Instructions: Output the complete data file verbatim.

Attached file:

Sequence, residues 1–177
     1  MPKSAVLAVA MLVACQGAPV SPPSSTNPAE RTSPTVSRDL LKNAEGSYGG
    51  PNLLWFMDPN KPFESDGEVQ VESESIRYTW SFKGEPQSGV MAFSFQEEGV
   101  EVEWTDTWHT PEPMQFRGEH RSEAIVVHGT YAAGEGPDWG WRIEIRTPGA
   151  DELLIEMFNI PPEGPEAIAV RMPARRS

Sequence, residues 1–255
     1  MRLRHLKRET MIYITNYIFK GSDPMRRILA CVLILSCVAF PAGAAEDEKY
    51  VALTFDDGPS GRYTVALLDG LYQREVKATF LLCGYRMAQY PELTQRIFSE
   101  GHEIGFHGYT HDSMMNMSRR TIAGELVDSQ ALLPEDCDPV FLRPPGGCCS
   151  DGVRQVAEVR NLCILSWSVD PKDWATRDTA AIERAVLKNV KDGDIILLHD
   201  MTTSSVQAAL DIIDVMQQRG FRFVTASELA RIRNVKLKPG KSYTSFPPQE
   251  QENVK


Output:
Sequence, residues 1–177
     1  MPKSAVLAVA MLVACQGAPV SPPSSTNPAE RTSPTVSRDL LKNAEGSYGG
    51  PNLLWFMDPN KPFESDGEVQ VESESIRYTW SFKGEPQSGV MAFSFQEEGV
   101  EVEWTDTWHT PEPMQFRGEH RSEAIVVHGT YAAGEGPDWG WRIEIRTPGA
   151  DELLIEMFNI PPEGPEAIAV RMPARRS

Sequence, residues 1–255
     1  MRLRHLKRET MIYITNYIFK GSDPMRRILA CVLILSCVAF PAGAAEDEKY
    51  VALTFDDGPS GRYTVALLDG LYQREVKATF LLCGYRMAQY PELTQRIFSE
   101  GHEIGFHGYT HDSMMNMSRR TIAGELVDSQ ALLPEDCDPV FLRPPGGCCS
   151  DGVRQVAEVR NLCILSWSVD PKDWATRDTA AIERAVLKNV KDGDIILLHD
   201  MTTSSVQAAL DIIDVMQQRG FRFVTASELA RIRNVKLKPG KSYTSFPPQE
   251  QENVK